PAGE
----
Russian President Vladimir Putin and Turkish President Recep Tayyip Erdogan have agreed to strengthen coordination between the countries' military and security services in Syria, the Kremlin says.
Putin's office issued a statement after the two presidents spoke by phone on February 8.
It said plans for closer cooperation intended to improve "the fight against terrorist groups that are violating the cease-fire regime" in Idlib Province, which borders Turkey. A Russian military pilot died after a Su-25 warplane was shot down over rebel-held territory in Idlib on February 3.
Russia and the government of Syrian President Bashar al-Assad, which Russia has been supporting with a campaign of air strikes and other military action since September 2015, refer to most of the forces fighting against the government as terrorists.
Putin and Erdogan discussed what the Kremlin said was "the importance of continuing the joint work of Russia, Turkey, and Iran" on Syria.
Kremlin spokesman Dmitry Peskov said they discussed a possible meeting between Putin, Erdogan, and Iranian President Hassan Rohani, but that no date was agreed.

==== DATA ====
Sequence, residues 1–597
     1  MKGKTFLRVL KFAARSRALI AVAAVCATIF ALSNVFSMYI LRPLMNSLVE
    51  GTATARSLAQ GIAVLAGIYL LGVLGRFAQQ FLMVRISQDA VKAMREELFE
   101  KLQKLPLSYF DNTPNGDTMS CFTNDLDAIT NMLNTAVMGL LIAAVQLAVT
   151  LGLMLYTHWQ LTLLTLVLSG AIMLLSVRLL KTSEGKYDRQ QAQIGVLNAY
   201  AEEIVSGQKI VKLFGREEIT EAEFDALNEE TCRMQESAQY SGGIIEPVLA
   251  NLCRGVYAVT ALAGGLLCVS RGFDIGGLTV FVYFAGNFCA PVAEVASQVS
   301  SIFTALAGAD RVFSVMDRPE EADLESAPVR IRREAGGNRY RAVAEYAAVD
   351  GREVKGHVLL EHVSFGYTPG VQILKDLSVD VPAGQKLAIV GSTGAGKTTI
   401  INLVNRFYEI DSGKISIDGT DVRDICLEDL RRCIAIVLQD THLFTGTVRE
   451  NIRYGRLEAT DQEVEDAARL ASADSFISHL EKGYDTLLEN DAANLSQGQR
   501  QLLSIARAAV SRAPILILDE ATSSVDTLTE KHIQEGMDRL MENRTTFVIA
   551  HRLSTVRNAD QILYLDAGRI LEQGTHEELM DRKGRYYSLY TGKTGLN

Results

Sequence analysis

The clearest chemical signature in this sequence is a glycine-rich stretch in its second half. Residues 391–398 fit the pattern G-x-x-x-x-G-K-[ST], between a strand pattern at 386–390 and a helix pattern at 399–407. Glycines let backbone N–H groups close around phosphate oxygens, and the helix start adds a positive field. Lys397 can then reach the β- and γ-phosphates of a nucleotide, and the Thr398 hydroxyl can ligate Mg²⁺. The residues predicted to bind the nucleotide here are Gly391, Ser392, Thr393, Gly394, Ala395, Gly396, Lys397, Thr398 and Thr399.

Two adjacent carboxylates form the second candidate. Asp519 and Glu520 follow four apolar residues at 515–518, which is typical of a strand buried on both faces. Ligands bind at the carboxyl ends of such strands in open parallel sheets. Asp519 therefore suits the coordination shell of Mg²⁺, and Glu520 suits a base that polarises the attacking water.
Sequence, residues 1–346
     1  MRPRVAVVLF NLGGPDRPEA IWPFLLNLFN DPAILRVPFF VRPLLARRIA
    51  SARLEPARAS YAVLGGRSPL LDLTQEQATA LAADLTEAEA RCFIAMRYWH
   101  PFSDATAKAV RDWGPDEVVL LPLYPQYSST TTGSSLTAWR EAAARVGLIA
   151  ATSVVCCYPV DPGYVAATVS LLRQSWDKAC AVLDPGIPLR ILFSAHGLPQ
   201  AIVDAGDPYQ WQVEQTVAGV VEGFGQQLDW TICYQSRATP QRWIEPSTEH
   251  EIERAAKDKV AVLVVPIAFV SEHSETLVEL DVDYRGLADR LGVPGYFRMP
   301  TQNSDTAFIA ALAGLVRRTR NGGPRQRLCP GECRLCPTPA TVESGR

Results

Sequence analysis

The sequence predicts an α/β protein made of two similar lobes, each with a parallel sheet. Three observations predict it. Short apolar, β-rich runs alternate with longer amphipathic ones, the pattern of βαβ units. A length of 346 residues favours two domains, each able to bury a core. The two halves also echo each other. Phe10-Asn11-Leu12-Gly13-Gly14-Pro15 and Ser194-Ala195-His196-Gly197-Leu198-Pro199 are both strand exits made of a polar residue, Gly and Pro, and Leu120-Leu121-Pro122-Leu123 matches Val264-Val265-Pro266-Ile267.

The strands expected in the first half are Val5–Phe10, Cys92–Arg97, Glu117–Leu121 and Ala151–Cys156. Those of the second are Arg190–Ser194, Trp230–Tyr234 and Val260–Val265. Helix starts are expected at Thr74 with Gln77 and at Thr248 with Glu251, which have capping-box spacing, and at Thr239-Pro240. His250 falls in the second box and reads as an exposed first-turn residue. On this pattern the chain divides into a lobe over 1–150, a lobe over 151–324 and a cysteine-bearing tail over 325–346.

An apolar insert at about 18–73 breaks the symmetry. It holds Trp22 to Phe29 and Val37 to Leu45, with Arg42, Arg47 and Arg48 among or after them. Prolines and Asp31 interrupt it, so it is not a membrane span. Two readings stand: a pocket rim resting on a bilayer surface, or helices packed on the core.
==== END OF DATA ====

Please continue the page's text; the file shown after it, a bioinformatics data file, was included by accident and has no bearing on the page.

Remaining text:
Turkish officials were later quoted as saying the meeting would take place in Istanbul.
Russia and Turkey have supported opposing sides in the war in Syria. But along with Iran they have sponsored a series of meetings -- held mainly in Kazakhstan, but most recently in Sochi, Russia, in late January -- that they say are aimed at ending the conflict.
The leadership of the Syrian opposition boycotted the talks in Sochi and the United States, Britain, and France declined to attend, citing what they said was Assad's refusal to properly engage.
The war, which began with a crackdown on protests against Assad's government, has killed hundreds of thousands of people and driven millions for their homes.